Councillor Rick Chiarelli did not show up to the College ward debate on Sept. 27 at the Westcliffe Estates Community Centre.
Jenny Linton, a representative for Chiarelli’s campaign, came forward to explain why he was unable to attend.
“Thank you everybody for your interest, as a fellow Bells Corners resident and one who had achieved many successes in Bells Corners over the last four years I wanted to be here,” said Linton as she read Chiarelli’s message. “Tonight, I have a committee meeting at City Hall at which I am on the agenda to give a presentation and also to deal with the annual report with the committee.”
The two candidates running against Chiarelli, Ryan Kennery and Emilie Coyle, are first-year runners with very similar platforms.
Both candidates are running on the ideas that the city needs a new perspective by electing a new councillor.
They want to create a safer community, improve traffic, development issues and put the community’s issues first.
Despite the similarities in their campaigns, the goals they would focus on first differ.
“We don’t need more or less government,” explained Ryan Kennery. “But better government”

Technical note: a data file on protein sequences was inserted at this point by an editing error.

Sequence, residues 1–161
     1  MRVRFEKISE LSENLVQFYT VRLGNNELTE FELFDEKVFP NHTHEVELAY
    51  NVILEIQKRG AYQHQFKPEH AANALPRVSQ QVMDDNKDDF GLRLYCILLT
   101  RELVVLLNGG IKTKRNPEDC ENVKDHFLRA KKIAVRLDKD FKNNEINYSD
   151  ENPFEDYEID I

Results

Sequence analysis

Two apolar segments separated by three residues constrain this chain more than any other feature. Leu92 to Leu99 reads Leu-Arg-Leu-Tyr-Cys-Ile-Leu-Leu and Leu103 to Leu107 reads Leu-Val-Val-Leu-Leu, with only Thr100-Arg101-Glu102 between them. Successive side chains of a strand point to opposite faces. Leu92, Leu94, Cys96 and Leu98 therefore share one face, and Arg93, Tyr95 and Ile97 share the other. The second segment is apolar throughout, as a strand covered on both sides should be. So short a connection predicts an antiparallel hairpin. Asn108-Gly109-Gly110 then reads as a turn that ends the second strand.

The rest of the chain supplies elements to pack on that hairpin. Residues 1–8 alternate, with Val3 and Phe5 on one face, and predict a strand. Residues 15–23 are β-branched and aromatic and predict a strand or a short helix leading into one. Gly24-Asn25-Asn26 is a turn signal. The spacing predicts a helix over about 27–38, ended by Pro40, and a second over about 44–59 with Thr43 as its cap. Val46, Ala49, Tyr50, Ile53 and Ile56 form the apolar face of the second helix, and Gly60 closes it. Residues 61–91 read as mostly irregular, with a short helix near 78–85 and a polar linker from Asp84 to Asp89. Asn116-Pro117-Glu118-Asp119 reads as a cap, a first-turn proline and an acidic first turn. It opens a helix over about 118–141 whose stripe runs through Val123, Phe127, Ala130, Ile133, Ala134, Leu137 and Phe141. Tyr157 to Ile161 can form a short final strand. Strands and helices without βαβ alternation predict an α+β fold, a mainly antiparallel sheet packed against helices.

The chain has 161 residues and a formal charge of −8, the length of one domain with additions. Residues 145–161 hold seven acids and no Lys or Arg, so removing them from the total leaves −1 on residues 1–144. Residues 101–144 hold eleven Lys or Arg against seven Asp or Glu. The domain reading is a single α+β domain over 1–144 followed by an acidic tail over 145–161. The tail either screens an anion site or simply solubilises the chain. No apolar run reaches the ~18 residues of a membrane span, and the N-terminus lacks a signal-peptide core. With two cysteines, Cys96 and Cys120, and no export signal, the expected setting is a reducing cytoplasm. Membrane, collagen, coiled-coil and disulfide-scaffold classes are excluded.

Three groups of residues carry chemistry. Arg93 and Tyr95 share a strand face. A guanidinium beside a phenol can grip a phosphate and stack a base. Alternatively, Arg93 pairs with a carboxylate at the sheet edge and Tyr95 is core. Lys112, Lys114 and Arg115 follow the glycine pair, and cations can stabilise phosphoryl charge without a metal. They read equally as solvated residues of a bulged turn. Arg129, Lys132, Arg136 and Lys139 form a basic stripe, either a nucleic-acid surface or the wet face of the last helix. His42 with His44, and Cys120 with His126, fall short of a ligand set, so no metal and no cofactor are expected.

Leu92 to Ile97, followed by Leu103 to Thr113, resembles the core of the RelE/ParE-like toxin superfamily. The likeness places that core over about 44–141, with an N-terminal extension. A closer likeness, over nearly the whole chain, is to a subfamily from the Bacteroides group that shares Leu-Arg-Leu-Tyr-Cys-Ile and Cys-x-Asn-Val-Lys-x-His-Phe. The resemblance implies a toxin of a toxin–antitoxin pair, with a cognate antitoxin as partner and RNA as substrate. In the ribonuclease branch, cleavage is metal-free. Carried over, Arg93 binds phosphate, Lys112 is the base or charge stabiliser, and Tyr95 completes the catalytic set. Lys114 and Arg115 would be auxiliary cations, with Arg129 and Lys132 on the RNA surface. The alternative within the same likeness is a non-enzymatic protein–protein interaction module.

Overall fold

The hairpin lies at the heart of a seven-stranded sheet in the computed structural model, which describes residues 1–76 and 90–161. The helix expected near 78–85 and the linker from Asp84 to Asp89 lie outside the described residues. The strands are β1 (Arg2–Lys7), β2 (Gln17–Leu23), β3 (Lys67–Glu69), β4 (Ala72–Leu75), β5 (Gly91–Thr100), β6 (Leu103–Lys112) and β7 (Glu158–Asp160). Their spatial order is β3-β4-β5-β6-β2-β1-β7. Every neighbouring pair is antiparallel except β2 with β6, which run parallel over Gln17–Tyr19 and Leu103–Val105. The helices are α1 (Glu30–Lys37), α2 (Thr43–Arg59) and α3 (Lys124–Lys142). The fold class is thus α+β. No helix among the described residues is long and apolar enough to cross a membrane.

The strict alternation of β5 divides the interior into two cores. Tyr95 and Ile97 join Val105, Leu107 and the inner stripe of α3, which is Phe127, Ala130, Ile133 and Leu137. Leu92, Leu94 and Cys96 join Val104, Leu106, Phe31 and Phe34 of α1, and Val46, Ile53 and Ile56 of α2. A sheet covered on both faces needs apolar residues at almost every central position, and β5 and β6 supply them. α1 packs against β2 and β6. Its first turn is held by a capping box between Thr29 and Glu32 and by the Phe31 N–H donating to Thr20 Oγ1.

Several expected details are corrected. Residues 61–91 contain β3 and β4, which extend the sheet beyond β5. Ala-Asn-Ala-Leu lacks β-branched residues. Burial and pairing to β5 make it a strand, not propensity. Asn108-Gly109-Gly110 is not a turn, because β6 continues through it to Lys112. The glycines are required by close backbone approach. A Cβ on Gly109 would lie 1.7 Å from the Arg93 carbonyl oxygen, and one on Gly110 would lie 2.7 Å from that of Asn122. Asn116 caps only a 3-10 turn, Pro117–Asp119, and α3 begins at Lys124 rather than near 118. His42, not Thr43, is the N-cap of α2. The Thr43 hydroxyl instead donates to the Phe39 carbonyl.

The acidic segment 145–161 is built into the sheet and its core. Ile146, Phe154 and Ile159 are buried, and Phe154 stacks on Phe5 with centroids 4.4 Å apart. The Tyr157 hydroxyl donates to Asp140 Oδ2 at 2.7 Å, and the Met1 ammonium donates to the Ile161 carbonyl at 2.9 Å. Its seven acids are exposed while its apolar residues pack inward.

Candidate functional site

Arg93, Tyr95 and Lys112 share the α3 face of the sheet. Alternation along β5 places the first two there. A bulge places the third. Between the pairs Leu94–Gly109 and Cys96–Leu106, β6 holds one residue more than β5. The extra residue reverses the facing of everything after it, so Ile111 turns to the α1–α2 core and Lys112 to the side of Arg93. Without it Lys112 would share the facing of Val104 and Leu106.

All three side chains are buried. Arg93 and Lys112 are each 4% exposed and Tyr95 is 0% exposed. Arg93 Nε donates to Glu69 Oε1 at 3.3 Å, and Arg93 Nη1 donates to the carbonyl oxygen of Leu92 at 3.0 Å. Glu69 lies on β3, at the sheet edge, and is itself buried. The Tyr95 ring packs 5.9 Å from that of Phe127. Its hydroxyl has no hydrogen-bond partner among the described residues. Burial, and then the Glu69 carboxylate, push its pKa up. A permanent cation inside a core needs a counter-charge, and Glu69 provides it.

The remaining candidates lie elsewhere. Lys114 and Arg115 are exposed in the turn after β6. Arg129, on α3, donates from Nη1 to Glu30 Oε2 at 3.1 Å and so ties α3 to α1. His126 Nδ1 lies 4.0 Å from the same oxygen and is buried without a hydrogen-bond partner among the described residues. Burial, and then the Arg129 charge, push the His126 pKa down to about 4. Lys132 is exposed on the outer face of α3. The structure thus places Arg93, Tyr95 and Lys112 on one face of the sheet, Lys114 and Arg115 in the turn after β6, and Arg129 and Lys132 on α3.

Kennery explained that his biggest focus was to help people view their problems through better communication so they can create a city where everyone feels like they belong.
“Folks feel like they have been left behind,” said Kennery. “We need to help them, help build people up, but we still have a lot farther to go.”
On the other side, Emilie Coyle’s main concern is affordable housing in the city. She explained that her plan is to make sure that for every new development in the city they will add a minimum of rental units with it.
“If you run the city like you run a business you’ll run into trouble,” said Coyle.
Coyle explained that there needs to be more housing options because there are so many people who are under-housed, over-housed or paying more than they can afford.
“I think what separates us [Ryan] is the depth of experience that I bring,” said Coyle. “I have been working professionally in communities for twenty years – and I’m a lawyer – I’ve been advocating on various different levels.”
Video interviews with each of the College ward candidates on issues of specific interest to Algonquin students can be found here.